The year is barely three weeks old and already we’ve been gifted with what may be the alpha and omega of 2021’s self-owns in Vulture’s interview with Joss Whedon. Doubling as a deep dive into the “Buffy the Vampire Slayer” creator’s career and legacy and an opportunity for him to spin his side of the story vis-à-vis multiple public allegations of abusive behavior, the one-time Equality Now award winner could not help himself.
There were his own rah-rah-feminism quotes coming back to haunt him, and his refusal to take any responsibility for the ill will he’s accused of generating during his reshoots of 2017’s “Justice League.”
There was his imputation that Gal Gadot’s claims that he threatened her career was a misunderstanding due to English being her second language, which she refutes. And there was his assertion that Ray Fisher’s allegations of abuse amount to sour grapes from a “bad actor,” which Fisher’s critically acclaimed performance in “Women of the Movement” repudiates.
Despite corroborated accounts of abuse from “Angel” star Charisma Carpenter and a hair-raising story from her “Buffy” co-star Michelle Trachtenberg of an unspoken rule forbidding Whedon from being alone in a room with her on set, he sums up his lot by mourning that people have been making him out to be a monster when in his view, “I think I’m one of the nicer showrunners that’s ever been.”
All told, Whedon transformed a chance to salvage his image into a kill shot to his career prospects for the immediate future.
And on behalf of every person made to suffer at their workplace under a boss or at the hands of a co-worker like that, I thank him for his candor.
Similarly, may I offer my gratitude to “Curb Your Enthusiasm” actor Jeff Garlin for his recent public attack of acute TMI, a symptom of foot-in-mouth disease? In case you missed that December kamikaze dive, Garlin took it upon himself to call Vanity Fair’s Maureen Ryan to answer a simple question ABC refused to comment on: Had he been fired from its sitcom “The Goldbergs” in response to multiple allegations of misconduct on the set?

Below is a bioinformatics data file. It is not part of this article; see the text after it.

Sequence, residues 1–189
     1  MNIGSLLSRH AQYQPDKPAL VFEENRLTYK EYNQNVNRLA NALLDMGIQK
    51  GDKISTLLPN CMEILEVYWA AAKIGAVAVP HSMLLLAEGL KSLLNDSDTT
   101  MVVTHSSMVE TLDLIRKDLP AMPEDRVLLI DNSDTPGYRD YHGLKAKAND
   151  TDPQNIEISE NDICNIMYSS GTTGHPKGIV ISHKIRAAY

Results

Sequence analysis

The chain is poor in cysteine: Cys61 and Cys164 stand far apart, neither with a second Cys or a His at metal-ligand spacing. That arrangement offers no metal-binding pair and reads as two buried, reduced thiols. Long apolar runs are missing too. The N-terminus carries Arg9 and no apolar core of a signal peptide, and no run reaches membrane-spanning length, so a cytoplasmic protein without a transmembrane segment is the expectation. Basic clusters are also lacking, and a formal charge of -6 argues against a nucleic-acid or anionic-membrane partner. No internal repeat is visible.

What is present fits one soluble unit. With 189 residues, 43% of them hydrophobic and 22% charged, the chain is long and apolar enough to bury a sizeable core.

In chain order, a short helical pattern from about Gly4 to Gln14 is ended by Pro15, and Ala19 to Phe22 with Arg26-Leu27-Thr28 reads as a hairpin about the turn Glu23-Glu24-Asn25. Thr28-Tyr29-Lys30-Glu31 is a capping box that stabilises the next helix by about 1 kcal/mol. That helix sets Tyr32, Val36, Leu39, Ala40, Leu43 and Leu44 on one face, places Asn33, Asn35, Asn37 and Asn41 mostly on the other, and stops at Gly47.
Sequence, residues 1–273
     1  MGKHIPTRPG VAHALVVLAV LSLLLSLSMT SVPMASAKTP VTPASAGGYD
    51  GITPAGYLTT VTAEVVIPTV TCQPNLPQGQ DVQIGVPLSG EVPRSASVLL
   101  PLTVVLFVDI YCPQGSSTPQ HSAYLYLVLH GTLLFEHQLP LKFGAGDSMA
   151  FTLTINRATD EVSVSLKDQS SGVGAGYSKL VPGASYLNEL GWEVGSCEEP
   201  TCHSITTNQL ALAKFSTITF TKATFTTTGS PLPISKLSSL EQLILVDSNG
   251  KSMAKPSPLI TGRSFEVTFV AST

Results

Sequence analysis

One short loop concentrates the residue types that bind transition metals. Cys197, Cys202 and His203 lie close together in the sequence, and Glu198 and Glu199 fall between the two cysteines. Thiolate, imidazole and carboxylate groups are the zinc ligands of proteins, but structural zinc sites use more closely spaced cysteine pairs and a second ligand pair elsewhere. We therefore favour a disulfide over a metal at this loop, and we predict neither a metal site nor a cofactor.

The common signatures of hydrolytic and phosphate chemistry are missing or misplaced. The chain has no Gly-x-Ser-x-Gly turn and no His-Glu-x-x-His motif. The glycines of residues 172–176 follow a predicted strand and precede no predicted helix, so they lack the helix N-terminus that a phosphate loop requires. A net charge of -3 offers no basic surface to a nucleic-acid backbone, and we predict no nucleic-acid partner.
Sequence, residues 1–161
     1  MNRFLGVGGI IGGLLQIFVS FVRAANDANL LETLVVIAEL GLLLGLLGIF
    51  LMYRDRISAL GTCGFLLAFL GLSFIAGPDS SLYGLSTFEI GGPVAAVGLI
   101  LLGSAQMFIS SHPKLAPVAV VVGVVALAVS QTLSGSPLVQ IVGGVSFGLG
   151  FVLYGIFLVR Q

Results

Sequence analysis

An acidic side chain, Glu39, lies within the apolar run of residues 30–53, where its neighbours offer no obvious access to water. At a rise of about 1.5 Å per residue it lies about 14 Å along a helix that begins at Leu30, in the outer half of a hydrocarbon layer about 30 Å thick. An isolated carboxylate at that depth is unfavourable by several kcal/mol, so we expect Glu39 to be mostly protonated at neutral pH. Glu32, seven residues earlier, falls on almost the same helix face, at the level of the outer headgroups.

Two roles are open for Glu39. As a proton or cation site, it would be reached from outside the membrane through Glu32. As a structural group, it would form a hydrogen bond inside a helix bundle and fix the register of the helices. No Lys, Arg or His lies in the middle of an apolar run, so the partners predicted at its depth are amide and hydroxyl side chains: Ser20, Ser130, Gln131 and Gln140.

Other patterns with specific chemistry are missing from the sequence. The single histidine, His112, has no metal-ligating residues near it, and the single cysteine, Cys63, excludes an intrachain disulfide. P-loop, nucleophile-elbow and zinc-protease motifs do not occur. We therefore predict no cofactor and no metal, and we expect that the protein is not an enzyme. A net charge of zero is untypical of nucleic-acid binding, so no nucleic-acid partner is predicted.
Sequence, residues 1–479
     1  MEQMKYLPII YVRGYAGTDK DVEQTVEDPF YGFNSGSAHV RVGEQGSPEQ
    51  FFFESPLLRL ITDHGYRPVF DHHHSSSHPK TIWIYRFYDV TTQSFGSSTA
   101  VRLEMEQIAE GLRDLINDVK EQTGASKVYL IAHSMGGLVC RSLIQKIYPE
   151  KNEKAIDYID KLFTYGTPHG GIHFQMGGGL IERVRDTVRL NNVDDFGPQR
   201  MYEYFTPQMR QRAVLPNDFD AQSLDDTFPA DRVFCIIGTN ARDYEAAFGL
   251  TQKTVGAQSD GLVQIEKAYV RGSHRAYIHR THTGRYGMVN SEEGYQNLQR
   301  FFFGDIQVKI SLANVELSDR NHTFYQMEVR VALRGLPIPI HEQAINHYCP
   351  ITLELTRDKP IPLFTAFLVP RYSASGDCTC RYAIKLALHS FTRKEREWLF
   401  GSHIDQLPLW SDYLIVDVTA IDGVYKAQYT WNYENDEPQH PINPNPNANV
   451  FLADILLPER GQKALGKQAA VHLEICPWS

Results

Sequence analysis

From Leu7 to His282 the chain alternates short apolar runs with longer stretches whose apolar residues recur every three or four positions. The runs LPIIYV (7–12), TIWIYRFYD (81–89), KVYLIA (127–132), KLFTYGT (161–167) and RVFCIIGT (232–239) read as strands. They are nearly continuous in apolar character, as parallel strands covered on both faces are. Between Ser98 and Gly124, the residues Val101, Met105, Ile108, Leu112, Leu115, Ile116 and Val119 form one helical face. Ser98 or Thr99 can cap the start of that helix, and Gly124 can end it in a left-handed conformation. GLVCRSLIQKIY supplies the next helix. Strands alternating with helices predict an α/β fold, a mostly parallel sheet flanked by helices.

As Ryan points out, it’s a simple yes or no question. Garlin drew out his response to an hour-plus exchange in which he tried to reframe offenses that sent people running to human resources. In one case he downplayed an incident as ” a joke that was completely missed.” He referred to other examples as “just me being, in my eyes, silly.” But the real gold is in quotes like the following:
“To me, if you’re a stand-in on a show and you don’t like the content or the behavior . . . If someone’s going after you, that’s different. But in terms of in general — well, then by God, quit, go someplace else.”
Soon after this story ran, and after three years’ worth of HR investigations into his behavior on the set, ABC and Garlin quit each other. As for the reasons for those complaints, Garlin explained, “It’s about me and my silliness on set. They [ABC] don’t think it’s appropriate. I do.”
Please understand, I am not offering my cheers in sarcastic celebration of Whedon’s and Garlin’s separate and unrelated authoring of their ironic reversals. I really do mean to express gratitude for their unfiltered perspective on how they abused their power in the workplace. In both cases, the veracity of what they claim isn’t as crucial to the larger societal discourse about worker mistreatment, ineffectual human resource departments and terrible bosses.
The treasure is in what their words reveal about how such people think.
As we reexamine the many reasons behind the so-called Great Resignation, that culture-wide trend of workers voluntarily leaving their jobs, one that bobs to the surface again and again is the end of our ability to abide thoughtless peers and terrible bosses.
In November 4.5 million Americans quit their jobs, setting a new record high according to the Bureau of Labor Statistics. Polling suggests many left those old jobs for situations offering higher pay and better overall working conditions. Alongside that, more of us are assessing how our day jobs impact our quality of life, which translates to our willingness to put up with bosses like Whedon and colleagues like Garlin.
Tempting as it is to view their stories of inappropriate behavior from the context of Hollywood messiness or betrayal, that’s not the true reason these stories matter. This isn’t to devalue the extent of Whedon’s betrayal to feminists who once valued “Buffy” or “Firefly” as female empowerment fantasies; it is, indeed, gravely offensive to read how extensively he exploited that reputation to hurt and humiliate women, including his ex-wife.